Here’s a pretty small number for you: 736.
Out of all of the professional soccer players on the planet, only 736 will compete for the World Cup in Brazil. You don’t need me to tell you how talented these individuals are.1 What I can say about them is that merely being selected for the World Cup is more impressive than you actually think. Those players (and their Wikipedia pages) will forever be able to say they were chosen for the most elite international soccer competition — and that might even be a more important thing than it seems.
This is where I really wanted to add ” … And Tom Cleverley is going, too,” but alas, that petition worked!
Due to the UEFA Financial Fair Play statutes, identifying and acquiring young talent is at the root of success in soccer. No longer can an outfit simply win the oligarch/sheikh lottery and spend its way to a world-beating side — although Manchester City and Paris St. Germain seem hell-bent on proving otherwise. Clubs have been forced to try to identify young talent earlier and earlier to keep transfer fees down. In the past, a typical career path might have been like that of Luis Suarez: excel in your home country (Uruguay) as a teenager, make a move to a small club in Europe (Groningen, in the Netherlands), and then get picked up by a larger club in one of the continent’s less notable competitions (Ajax, also in the Netherlands) before graduating in your mid-twenties to one of the biggest clubs in the world (Liverpool). Suarez’s price rose with each of those transfers; Groningen paid €800,000 to bring him to Europe, Ajax bumped the price up to €7.5 million, and when Liverpool bought him in 2011, they shelled out €26.5 million.
The big clubs don’t want to spend €26.5 million on players; they’d much rather spend the €7.5 million and loan a player out until he’s ready to play at their level.2 You can afford to miss more frequently when you’re spending less, but to succeed while trying to remain frugal, clubs need to do the best job possible of scouting talent. Every team has its own solution — usually some mix of grizzled ex-players with their ears to the streets, gobs of video, and rapidly advancing analytics — but there’s a built-in mechanism that can help identify talent without a single foot on the ground: internationals.
Chelsea, for one, have cornered the market on this strategy; they have nearly a full team of talented youngsters from around the world out on loan most seasons, including star Belgians Thibaut Courtois (Atlético Madrid) and Romelu Lukaku (Everton) this past year.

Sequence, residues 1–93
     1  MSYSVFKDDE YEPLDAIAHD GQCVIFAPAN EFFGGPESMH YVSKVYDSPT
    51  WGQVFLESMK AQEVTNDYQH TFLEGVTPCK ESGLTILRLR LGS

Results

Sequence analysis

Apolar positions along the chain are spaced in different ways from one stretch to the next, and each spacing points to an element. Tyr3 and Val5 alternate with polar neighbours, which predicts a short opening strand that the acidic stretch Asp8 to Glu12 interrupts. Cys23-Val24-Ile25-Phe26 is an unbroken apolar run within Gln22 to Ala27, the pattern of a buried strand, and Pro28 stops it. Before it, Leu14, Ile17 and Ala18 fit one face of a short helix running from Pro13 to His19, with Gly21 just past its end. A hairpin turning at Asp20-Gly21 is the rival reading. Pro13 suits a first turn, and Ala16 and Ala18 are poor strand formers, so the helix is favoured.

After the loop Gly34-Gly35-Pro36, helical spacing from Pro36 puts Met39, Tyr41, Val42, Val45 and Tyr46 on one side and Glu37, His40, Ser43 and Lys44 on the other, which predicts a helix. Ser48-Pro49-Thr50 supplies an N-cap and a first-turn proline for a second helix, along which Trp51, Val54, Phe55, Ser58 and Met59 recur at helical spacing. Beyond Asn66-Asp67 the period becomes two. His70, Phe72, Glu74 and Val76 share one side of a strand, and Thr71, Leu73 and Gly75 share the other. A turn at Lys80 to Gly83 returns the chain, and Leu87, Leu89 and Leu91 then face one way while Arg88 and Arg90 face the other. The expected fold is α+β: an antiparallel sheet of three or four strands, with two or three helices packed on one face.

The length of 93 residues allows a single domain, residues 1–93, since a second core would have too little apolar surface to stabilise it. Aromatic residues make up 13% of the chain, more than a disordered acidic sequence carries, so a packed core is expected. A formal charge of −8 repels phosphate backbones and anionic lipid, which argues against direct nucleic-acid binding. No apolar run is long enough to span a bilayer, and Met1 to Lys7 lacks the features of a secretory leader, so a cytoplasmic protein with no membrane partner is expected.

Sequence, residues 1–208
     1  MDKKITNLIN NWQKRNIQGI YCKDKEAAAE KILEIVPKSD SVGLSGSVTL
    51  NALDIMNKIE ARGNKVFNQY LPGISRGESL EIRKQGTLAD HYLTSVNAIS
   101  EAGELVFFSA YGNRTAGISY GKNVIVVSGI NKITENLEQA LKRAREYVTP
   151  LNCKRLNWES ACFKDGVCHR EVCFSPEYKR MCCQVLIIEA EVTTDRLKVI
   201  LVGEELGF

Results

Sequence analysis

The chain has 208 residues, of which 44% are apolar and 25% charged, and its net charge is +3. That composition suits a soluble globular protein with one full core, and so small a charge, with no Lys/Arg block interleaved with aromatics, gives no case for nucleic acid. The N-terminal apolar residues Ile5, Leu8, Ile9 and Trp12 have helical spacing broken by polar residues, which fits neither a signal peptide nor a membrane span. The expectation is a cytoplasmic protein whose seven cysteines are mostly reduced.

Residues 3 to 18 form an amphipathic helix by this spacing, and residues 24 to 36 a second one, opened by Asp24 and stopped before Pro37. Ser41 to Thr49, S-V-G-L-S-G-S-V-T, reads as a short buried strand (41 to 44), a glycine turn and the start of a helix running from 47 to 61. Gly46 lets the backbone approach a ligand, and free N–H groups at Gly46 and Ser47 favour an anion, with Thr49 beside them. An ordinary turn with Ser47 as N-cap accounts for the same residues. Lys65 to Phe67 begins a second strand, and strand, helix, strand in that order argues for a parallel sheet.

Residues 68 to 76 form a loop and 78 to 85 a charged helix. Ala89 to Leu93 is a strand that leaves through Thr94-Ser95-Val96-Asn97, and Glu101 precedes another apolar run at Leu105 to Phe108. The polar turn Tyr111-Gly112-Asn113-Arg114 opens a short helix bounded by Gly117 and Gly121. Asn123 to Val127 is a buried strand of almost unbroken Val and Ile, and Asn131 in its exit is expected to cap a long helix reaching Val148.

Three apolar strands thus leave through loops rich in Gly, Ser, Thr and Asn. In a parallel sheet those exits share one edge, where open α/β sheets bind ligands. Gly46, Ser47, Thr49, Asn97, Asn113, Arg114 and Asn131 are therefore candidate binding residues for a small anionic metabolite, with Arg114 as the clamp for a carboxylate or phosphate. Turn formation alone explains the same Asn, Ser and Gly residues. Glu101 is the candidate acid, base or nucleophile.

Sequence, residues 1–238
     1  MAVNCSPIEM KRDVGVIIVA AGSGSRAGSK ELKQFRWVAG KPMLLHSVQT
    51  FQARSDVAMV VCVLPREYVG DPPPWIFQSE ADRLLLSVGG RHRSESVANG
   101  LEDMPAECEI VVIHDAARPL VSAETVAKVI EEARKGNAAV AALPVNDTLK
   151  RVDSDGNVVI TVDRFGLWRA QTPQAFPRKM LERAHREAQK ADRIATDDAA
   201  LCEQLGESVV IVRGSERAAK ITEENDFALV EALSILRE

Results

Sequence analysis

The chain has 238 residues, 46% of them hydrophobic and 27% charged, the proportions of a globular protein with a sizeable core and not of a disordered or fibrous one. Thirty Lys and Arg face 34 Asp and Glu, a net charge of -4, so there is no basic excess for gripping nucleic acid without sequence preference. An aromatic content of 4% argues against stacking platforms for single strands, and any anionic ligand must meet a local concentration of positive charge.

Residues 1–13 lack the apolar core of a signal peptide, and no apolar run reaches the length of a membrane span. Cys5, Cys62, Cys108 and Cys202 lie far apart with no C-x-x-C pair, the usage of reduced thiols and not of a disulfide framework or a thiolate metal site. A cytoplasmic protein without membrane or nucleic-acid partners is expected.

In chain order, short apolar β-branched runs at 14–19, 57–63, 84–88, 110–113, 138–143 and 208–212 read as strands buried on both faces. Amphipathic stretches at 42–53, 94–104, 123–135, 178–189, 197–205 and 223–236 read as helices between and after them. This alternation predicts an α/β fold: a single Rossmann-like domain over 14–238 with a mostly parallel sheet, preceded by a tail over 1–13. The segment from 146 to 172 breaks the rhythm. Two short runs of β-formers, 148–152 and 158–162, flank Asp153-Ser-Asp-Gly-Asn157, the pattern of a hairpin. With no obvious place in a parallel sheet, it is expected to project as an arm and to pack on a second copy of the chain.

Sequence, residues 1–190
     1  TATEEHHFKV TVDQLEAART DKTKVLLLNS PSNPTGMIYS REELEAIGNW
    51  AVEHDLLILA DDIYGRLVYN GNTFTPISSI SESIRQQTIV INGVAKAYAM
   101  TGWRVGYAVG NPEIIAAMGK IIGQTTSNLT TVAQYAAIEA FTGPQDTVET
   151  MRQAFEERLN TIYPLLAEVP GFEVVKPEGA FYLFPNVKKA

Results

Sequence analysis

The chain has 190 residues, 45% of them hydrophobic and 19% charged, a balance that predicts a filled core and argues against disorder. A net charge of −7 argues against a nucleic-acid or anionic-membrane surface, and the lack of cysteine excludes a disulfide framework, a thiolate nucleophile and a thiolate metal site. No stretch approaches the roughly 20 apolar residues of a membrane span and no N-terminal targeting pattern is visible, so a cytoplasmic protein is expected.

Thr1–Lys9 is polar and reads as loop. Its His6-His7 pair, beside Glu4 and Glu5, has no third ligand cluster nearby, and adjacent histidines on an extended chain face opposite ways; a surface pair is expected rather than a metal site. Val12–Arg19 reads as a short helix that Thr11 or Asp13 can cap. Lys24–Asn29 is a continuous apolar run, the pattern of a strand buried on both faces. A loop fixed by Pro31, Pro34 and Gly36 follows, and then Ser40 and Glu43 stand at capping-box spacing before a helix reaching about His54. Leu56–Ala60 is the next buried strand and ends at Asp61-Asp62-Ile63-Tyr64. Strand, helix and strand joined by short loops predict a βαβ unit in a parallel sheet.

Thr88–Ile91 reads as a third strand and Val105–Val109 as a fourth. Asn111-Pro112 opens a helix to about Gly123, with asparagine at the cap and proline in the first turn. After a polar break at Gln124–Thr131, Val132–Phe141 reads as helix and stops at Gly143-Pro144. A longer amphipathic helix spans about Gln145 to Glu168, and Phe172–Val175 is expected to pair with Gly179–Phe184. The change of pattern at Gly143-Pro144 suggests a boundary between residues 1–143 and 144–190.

International recognition is a strong indicator that a player actually has talent. It’s even more of an indicator when a player is particularly young. As American sports fans long ago learned, if a youngster can hang with his or her more talented elders, it’s usually a good indicator of success as they age. Thus, the importance of international squads. Liverpool might not have three dedicated scouts who watch the Tippeligaen in Norway each week, but the Norwegian under-21 coach who has to pick the majority of his side from that local league has eyes in the streets and enough of a network within Norway to get a strong idea of whom he should choose for the team. And if there’s an 18-year-old suiting up for Valerenga who is good enough to make that under-21 team, it should be a heads-up to Liverpool that a special talent might be coming through the ranks.
It would stand that a player who makes it to the World Cup when he’s very young is probably pretty precocious.3 And indeed, if you take any list of World Cup squads and look at the youngest players from each tournament, you’ll find some pretty useful parts. The only problem with that: “Young” doesn’t mean that same thing for every side. Different countries can have wildly different pools of elite talent. Small countries with little history of success at the top level of soccer are often more aggressive in picking atypically young or notably old players because their talent is more likely to stand out. Take Cameroon as an example; they famously brought a 42-year-old Roger Milla to the 1994 World Cup after his stunning run of form at Italia 90, but four years later, their side included six teenagers, including an unknown 17-year-old by the name of Samuel Eto’o.4 Well-established countries like Brazil and France don’t have to do that; with a huge pool of talent, they can — and often do — focus on players in their primes. Just as it’s easier for a freshman to start at quarterback for Colorado than for Alabama, it’s more impressive for an 18-year-old striker to break into the Germany side than it is for one to break into, say, the Canadian national team.
Currently, the youngest World Cup player in history was Northern Ireland midfielder Norman Whiteside, who was 17 when he suited up in the 1982 World Cup. (Whiteside broke into the Manchester United side the following year and was a regular before knee injuries ended his career at 26.) The previous record holder was, well, Pele.
Eto’o was on Real Madrid’s books at the time, but he was playing with the B-team before going on loan to lowly Leganes. It might also be worth mentioning here that even Jose Mourinho isn’t sure whether Eto’o is actually 33.